On the 18th of May, 1804, by a decree of the senate, Napoleon was declared Emperor of France. The decree was sent out to the various departments for the action of the people. The result was, that 3,572,329 voted in the affirmative, while but 2569 were in the negative. A more unanimous expression of a nation's will history never has recorded. The day after his elevation to the imperial throne, the emperor held a grand levee at the Tuilleries, and Josephine, with many fears darkening this hour of exultation, made her first appearance as the Empress of France. The decree announcing Napoleon Bonaparte to be the emperor of France also declared that the imperial dignity should be hereditary in his family. The empress struggled against her fears, but her heart was heavy, and she found but little joy upon this high pinnacle of power. She also plainly foresaw that the throne of her husband, apparently so gorgeous and massive, was erected upon a very frail foundation.
At the grand levee held upon this occasion, the assembly was the most brilliant and numerous that had ever yet been witnessed in Paris. The renown of Napoleon now filled the world, and noted men from every land thronged his saloons. Josephine found herself elevated to the position of the most illustrious of the queens of Europe. The power of her husband was superior to that of any of the surrounding monarchs, and she received the homage of all as occupying an elevation such as no queen had ever attained before.
The second of December, 1804, was appointed for the ceremony of coronation. The pageant was to take place in the church of Notre Dame. The pope came from Rome to place the crown upon this lofty, though plebeian brow. For ten centuries such an honor had not been conferred upon any monarch. The day was clear and brilliant, but intensely cold. The venerable walls of Notre Dame had never before witnessed such luxury and such magnificence as was now displayed. Carriages glittering with gold and purple trappings; horses proudly caparisoned; officers in the richest uniforms, and in court dresses sumptuously embroidered; servants in most gorgeous liveries; and a waving sea of ostrich plumes, bewildered the multitude with the unwonted splendor.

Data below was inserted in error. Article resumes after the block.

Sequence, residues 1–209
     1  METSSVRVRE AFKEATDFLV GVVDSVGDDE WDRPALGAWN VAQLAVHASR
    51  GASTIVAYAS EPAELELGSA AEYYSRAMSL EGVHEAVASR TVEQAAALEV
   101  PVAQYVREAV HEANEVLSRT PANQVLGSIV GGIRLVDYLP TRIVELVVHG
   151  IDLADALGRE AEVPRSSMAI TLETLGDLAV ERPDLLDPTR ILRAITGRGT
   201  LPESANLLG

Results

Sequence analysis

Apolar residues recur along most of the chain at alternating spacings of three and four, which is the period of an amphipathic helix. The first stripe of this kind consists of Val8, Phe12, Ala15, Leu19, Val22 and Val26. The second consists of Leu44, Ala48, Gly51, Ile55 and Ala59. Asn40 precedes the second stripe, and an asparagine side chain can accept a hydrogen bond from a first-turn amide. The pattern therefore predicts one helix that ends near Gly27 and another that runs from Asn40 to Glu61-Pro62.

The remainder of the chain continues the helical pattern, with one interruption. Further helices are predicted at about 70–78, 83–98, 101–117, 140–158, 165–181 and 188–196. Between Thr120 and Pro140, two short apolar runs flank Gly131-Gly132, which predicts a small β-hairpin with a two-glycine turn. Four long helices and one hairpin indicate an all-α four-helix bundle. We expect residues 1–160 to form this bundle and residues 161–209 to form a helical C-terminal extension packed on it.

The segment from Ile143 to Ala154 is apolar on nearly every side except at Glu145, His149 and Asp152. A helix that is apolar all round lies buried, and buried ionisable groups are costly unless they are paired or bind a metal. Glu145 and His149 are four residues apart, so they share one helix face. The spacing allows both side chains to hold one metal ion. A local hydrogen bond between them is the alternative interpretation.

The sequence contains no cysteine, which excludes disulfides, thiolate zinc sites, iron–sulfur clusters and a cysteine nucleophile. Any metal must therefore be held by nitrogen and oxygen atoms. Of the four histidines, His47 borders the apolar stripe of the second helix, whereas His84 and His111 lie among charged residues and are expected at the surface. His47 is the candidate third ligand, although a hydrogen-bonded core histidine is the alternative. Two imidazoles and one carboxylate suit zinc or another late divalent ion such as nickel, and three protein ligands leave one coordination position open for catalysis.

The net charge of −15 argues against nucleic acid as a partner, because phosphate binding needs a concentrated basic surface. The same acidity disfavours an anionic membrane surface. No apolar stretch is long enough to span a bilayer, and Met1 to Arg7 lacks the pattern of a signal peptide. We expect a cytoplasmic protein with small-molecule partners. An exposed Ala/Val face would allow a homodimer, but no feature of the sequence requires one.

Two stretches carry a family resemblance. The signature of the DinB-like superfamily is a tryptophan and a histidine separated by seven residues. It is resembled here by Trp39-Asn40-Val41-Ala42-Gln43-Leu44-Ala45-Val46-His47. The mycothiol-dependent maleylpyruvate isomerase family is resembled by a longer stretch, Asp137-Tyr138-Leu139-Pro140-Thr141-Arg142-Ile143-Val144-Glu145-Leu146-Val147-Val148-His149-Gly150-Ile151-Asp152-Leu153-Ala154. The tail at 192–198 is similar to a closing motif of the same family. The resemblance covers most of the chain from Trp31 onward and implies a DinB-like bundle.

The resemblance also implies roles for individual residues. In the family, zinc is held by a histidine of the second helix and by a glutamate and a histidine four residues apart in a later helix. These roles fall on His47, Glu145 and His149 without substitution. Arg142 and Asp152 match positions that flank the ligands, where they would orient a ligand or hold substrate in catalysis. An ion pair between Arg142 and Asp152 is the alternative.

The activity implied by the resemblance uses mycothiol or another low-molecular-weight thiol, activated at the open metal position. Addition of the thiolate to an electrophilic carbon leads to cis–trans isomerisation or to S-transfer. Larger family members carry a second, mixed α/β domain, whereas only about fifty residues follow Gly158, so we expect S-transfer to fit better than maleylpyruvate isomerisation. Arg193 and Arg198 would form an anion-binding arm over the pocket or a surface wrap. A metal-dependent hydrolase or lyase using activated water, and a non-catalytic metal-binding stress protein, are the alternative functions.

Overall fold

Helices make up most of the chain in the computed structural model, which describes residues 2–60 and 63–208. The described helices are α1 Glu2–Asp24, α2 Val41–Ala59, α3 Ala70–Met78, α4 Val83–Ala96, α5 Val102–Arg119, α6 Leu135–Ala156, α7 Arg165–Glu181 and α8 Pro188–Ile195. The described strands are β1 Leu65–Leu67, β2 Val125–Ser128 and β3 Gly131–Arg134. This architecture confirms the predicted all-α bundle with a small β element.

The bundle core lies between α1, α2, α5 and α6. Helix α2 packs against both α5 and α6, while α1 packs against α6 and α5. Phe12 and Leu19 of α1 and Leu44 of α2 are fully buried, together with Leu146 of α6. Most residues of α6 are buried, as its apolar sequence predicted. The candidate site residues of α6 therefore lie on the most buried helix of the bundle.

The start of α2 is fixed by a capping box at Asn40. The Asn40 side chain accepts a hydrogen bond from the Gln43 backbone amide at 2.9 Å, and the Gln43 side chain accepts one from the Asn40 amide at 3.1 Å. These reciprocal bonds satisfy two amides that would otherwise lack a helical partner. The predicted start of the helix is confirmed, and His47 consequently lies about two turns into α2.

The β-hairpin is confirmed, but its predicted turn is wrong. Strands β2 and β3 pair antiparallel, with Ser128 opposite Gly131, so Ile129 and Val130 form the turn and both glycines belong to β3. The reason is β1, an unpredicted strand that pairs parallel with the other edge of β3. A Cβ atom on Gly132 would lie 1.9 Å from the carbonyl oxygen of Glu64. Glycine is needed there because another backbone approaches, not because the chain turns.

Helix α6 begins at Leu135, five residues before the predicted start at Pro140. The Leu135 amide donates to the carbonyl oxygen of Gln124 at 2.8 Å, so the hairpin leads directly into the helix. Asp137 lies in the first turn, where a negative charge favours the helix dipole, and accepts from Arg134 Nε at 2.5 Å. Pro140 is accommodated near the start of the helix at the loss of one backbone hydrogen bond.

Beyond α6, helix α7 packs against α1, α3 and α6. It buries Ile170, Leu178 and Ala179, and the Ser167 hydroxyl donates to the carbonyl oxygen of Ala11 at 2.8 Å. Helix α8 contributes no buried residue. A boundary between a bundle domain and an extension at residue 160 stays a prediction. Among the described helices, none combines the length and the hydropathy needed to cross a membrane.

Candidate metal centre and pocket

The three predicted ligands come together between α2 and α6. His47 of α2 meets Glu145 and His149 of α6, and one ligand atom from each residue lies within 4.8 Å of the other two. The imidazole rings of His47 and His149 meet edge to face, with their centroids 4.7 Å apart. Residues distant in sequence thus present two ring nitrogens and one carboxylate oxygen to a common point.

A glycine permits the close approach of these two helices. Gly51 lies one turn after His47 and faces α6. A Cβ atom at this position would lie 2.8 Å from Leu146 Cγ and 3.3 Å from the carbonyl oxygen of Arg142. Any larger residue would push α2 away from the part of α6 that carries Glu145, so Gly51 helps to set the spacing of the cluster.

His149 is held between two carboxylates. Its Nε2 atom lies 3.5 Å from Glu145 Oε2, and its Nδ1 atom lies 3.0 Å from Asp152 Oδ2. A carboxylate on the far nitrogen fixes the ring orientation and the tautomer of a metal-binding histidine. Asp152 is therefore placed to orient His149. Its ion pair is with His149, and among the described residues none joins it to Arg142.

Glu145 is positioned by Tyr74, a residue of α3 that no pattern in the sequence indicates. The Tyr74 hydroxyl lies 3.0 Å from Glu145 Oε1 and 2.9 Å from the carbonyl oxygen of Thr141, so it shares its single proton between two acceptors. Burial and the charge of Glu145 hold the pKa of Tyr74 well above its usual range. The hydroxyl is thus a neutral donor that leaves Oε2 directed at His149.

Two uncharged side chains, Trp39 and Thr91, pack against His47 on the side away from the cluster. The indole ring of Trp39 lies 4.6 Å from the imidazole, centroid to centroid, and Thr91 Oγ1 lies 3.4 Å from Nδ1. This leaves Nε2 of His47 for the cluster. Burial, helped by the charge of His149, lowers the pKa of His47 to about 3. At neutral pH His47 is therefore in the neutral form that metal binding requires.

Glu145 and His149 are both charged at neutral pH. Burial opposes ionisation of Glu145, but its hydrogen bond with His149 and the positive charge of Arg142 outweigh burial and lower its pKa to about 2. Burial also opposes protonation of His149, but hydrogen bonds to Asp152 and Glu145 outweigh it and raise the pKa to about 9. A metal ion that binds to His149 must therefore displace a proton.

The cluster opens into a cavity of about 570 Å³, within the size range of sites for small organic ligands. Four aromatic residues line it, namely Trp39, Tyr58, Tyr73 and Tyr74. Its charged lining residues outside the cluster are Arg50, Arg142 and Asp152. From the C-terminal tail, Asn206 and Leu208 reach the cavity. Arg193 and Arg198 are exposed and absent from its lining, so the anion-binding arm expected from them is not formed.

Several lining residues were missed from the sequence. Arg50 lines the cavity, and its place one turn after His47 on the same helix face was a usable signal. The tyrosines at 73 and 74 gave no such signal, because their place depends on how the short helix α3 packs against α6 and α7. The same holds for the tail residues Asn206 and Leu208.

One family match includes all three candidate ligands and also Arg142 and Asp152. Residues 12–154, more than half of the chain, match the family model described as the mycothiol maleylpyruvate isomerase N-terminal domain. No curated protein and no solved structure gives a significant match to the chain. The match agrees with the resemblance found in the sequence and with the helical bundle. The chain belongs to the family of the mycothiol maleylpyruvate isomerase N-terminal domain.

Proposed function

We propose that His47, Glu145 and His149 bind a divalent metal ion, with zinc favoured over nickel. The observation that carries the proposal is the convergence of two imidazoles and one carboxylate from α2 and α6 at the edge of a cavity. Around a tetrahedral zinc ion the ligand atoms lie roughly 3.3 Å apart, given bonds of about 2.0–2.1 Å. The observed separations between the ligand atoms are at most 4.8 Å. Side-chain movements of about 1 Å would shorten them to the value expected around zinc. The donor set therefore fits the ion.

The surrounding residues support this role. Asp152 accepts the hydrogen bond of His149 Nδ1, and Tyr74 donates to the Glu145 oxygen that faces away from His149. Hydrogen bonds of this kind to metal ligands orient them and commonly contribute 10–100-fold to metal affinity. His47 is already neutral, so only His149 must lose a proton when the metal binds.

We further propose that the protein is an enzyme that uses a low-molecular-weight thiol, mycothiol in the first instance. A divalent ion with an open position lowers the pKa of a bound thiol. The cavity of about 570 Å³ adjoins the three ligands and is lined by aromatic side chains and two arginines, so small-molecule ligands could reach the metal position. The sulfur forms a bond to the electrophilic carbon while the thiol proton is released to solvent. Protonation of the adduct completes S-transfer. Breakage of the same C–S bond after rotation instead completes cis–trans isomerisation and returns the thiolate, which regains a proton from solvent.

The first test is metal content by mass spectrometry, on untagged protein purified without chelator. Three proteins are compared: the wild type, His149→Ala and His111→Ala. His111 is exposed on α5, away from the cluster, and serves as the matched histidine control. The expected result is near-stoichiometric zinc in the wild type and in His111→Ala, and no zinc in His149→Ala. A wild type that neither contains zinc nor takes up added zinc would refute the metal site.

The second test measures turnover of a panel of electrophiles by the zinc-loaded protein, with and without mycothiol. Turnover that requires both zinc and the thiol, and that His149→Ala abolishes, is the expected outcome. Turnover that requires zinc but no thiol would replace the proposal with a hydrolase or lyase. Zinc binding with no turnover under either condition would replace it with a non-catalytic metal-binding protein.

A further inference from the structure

The empress appeared in a robe of white satin, embroidered with gold, and profusely ornamented with diamonds. A mantle of crimson velvet, lined with white satin and ermine, floated over her shoulders, and golden bees were clustered over the dress. The coronation jewels consisted of a crown, a diadem, and a girdle. The coronation crown consisted of eight golden branches, four in imitation of palm, and four of myrtle leaves. The dew-drops glittering upon this foliage were brilliant diamonds. A golden-corded band surrounded the crown, embellished with eight very large emeralds. The bandeau inclosing the head glittered resplendent with amethysts. This was the coronation crown, which was used only upon state occasions. The diadem, which was for more ordinary service, was composed of four rows of pearls interlaced with diamonds. In front were several very large brilliants, one of which weighed one hundred and forty-nine grains. The ceinture or girdle was of pure gold, so pure as to be quite elastic, embellished with thirty-nine rose-colored diamonds.
Napoleon wore a close dress of white velvet, embroidered in gold, with diamond buttons. His stockings were of white silk. The robe and mantle were of crimson velvet, richly embroidered in gold and embellished with diamonds. Napoleon seemed to regret the vast expense attending this display, while at the same time he was conscious of its importance to impress the minds of the Parisians. The emperor was profuse in expenditure to promote the grandeur and glory of the nation, but very frugal in his personal expenses.